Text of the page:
Introduction: Glow Stick Photography
A little while back I happened to find a glow stick lying around and thought it'd be fun to try some glow stick photography. I was right, it was indeed a fun way to pass the time and I was even able to get my parents involved and, though I don't personally have any, I'm sure this would be a great was to entertain the kids. So, enjoy my instructable on glow stick photography! :)
Step 1: Materials
You will need:
- A tripod
- A camera
- You have to be able to manually adjust the settings
- A glowstick
- A camera remote control (if alone)
- Someone to push the trigger (if not alone)
- A blank wall
- This isn't entirely necessary but I think it looks better when there's nothing in the background to distract the viewer
- A dark space
- Basements are really great for this
Step 2: Camera Setting
The first thing you have to do is to place your camera on a tripod and put it on manual mode.
From there, two things need to be be manually set:
- The shutter speed
- The ISO setting
The shutter speed (the circle farthest to the left) will determine how long your shutter stays open for and, subsequently, how long you have to "write" with the glow stick. The longer the shutter is open, the more time you have to write.
The ISO setting (the circle farthest to the right) is the camera's sensitivity to light, so the greater the ISO the greater the sensitivity to light and vice versa. In this context, the greater the ISO the brighter the glow stick and the surrounding area will look. The setting of the ISO really all comes down to preference and how you want the picture to look. If you want it to be brighter go with a higher ISO, if you want it darker go for the low end. I picked a medium of 800, I liked that it was bright enough to see the writing but not so much as to ruin the look of darkness.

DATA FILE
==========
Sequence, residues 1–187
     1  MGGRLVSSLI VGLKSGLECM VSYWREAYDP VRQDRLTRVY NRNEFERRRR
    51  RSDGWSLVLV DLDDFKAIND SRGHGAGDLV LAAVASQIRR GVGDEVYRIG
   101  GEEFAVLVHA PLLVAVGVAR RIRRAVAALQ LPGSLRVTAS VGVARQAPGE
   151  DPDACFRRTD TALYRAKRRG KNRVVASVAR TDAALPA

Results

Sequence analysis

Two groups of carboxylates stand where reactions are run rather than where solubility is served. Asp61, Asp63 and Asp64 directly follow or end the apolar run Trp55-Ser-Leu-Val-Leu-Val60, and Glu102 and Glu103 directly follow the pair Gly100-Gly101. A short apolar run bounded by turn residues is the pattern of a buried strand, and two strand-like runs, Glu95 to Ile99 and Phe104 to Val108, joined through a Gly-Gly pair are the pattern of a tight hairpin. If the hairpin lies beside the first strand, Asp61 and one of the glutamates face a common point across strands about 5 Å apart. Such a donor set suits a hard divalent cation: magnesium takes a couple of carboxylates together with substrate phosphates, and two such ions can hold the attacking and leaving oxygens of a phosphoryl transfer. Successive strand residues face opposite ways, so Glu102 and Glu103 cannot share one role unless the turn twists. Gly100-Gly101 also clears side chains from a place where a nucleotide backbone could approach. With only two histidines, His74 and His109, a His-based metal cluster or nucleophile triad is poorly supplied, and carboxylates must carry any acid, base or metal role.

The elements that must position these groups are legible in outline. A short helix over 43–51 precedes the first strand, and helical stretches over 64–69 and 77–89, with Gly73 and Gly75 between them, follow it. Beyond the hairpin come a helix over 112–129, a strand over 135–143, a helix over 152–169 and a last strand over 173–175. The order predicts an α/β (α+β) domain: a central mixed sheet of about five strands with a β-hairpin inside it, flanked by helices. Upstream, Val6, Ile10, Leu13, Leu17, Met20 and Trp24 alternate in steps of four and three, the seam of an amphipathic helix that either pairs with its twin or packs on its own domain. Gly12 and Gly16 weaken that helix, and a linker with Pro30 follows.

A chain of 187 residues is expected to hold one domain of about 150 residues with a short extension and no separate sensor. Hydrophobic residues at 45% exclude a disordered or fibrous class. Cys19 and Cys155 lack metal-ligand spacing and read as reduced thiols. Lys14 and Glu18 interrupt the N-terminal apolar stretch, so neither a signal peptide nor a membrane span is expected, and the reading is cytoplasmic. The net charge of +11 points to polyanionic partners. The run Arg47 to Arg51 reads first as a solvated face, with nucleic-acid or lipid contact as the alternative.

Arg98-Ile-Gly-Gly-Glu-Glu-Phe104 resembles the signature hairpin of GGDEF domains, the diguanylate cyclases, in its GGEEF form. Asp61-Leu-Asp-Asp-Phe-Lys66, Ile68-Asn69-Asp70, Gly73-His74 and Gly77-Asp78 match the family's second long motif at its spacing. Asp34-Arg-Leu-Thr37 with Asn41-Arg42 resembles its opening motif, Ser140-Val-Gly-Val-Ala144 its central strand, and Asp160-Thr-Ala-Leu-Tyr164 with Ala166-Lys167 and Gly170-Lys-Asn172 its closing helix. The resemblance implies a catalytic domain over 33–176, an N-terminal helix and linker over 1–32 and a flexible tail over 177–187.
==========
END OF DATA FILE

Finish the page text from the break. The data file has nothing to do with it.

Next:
To save you the trouble I tried each setting and wrote the number it corresponded to in the picture.
Step 3: ISO 100
100 is VERY dark and fails to pick up all of the glow stick.
Step 4: ISO 200
200 is a little better but still doesn't pick up a lot of light if you don't move at a snail's pace.
Step 5: ISO 400
400 was a huge improvement from 200 but still wasn't as bright and defined as I wanted it to be.
Step 6: ISO 800
800 was definitely my favorite and what I chose for all of my pictures. I liked the balance between the light and dark here the most.
Step 7: ISO 1600
1600 was where it started getting too bright for me - I didn't like how you could see the person in the background.
Step 8: ISO 3200
3200 felt just like 1600 but it got more of the motion of the writer.
Step 9: ISO 6400
6400 is where my eyes started to hurt from the intensity of light, it was startling.
Step 10: ISO 12800
12800 one was WAYYYYY too bright for my liking, it felt really overwhelming and I didn't like it at all.
Step 11: Tips and Tricks
Here are some little tricks and tips I figured out will experimenting with glow stick photography
- Everything you write is captured as a mirror image by the camera. If you want to write words you have to write backwards and left to right.
- However if you have Photoshop or any other photo editing program you can just invert the picture and you should be fine
- If you want to draw something without all of it being connected, like a smiley face (eyes, mouth, etc.), cover the tip of the glow stick with your hand, move it to where you want to beginning drawing again, and then remove your hand.
- Putting your hand over the light prevents the camera from capturing it, thereby letting you draw separate segmented parts
- Try changing your distance from the camera during the shot for a change in perspective.
- Try to keep the glow stick level.
- Move your arm instead of tilting the glow stick so writing looks straight on.
Now go have fun experimenting with glow stick photography, I'd love to see what you come up with! :)
Participated in the
Photography Contest 2017
5 years ago
Reply 5 years ago